This staggering growth is largely owed to the gradual transition from physical media-based games, to digitally-delivered games that are purchased directly from the vendor or through one of the numerous video game distribution platforms. Much of this growth was driven by a dramatic surge in the $68.5 billion mobile gaming industry, which now comprises almost half of the gaming market.

Despite this growth, those looking to invest in the gaming industry are largely restricted to simply buying stocks in their favourite publishers, game houses, and distribution platforms, while only large-scale investors are able to obtain private equity in studios and benefit from the success of their intellectual property (IP). This closed investment ecosystem is ripe for disruption by tokenization technologies.

Rather than simply rewarding backers with an early copy of the game or additional content, developers and publishers can begin offering tokenized equity to investors in the form of digital security tokens. Each token could represent fractional ownership of an IP and the proceeds generated from it, allowing companies to obtain immediate funding without needing to complete a traditional funding round or go public with an IPO.

In-game currencies and items are also poised to get the tokenization treatment. By assigning blockchain-based tokens to in-game assets and allowing them to be traded on external platforms, game developers open up in-game assets to the broader investment community, while potentially allowing NFTs to be transferred between games — creating new opportunities for Ready Player One-style cross-game interactions and cross-platform play.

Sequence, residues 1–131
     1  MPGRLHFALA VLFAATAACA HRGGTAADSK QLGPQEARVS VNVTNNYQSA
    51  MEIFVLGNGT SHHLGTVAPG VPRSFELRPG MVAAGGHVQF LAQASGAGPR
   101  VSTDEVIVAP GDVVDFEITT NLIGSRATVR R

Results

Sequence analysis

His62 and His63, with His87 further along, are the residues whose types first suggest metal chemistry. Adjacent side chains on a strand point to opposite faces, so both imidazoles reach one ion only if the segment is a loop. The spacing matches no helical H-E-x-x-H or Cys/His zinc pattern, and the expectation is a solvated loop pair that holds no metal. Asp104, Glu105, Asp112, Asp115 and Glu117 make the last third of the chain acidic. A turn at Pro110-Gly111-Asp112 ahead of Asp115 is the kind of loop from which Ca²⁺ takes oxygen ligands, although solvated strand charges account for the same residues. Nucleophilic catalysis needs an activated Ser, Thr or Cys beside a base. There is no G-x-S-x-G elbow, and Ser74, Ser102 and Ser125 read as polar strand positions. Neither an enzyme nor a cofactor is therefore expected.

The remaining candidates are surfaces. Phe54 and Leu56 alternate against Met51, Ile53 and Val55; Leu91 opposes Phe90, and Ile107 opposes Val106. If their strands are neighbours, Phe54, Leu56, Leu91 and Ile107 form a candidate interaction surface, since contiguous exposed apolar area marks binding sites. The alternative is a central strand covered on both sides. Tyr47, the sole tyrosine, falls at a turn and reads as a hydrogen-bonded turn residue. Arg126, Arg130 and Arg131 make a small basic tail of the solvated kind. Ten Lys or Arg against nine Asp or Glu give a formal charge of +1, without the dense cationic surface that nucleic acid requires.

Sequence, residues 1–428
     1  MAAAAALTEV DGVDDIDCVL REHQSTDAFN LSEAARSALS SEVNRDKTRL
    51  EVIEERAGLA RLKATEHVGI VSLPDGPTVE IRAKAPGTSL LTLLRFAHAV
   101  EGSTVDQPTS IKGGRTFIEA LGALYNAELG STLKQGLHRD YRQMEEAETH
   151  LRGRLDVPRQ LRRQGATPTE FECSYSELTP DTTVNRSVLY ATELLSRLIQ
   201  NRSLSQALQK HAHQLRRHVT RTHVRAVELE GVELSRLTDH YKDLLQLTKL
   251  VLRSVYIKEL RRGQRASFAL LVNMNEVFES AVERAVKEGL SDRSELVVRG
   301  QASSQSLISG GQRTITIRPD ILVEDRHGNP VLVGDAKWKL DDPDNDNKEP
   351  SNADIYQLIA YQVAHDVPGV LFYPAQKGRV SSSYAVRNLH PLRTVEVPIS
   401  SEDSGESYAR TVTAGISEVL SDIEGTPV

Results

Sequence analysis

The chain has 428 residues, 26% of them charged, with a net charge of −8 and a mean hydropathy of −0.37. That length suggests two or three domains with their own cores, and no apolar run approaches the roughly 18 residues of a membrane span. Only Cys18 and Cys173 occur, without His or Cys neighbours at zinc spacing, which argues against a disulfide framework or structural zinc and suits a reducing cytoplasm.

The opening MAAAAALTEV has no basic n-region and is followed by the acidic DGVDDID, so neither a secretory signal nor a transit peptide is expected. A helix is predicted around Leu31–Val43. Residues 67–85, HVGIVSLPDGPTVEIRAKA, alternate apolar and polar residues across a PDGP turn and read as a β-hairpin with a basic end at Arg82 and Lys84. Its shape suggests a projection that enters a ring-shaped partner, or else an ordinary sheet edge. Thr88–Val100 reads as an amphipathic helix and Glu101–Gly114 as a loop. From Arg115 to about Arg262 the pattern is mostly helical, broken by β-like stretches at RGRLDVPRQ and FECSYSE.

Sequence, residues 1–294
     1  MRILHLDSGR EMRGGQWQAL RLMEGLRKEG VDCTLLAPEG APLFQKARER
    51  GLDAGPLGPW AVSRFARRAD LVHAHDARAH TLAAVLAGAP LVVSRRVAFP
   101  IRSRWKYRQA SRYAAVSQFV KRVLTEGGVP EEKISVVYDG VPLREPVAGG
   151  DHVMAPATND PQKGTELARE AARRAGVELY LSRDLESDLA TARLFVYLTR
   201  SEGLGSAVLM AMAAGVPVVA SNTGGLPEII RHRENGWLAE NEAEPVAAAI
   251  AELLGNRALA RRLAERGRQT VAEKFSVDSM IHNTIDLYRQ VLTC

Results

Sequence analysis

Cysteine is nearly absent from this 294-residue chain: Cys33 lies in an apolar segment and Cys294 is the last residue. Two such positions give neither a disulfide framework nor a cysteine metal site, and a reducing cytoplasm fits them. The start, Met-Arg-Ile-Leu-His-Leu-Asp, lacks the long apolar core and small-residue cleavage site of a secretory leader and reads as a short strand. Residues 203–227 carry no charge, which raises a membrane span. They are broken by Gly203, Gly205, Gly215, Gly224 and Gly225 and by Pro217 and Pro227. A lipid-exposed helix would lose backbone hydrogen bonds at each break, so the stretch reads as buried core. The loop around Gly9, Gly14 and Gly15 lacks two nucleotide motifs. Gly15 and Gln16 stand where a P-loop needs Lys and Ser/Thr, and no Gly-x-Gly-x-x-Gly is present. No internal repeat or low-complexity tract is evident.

So far, no AAA title has adopted tokenization technology, but tools and platforms like Enjin, WAX, TokenScript and Loom which are designed to help with the process are currently under development. These platforms or something very similar may one day provide the infrastructure for the world’s first mainstream tokenized in-game currencies and assets.

Casinos are Ahead of the Curve

Although it is evident that practically all facets of the gaming industry will be disrupted by tokenization, few segments have reacted as strongly to the technology as the online gambling industry.

Nowadays, there are literally dozens of online cryptocurrency casinos that have a token element incorporated as part of their operation. This typically comes in the form of allowing players to earn tokens as an extra reward for playing, or distributing token to players as part of the “buy-in” process, where players convert cryptocurrencies into tokenized chips.

These uses can be considered to be some of the more tame examples of tokenization. But some cryptocurrency casinos have taken it a step further and tokenized their profits — allowing investors to purchase tokens that represent a fraction of the revenue generated by the platform.

In the case of BitDice, a total of 70% of its profits are shared between holders of its CSNO token. Other platforms like BetHash and EarnBet have launched similar systems, allowing users to buy and earn native platform tokens like HASH and BET, which can then be used to earn some form of dividends or rewards.

Though the yields for these platforms have so far been modest and typically range in the order of a few percent APR due to the inherently volatile nature of cryptocurrency gambling, their long-term success has shown that this method of investment is in-demand, This indicates that this first generation of tokenized casinos may be a sign of things to come — and that a fully player-owned casino might be an inevitability.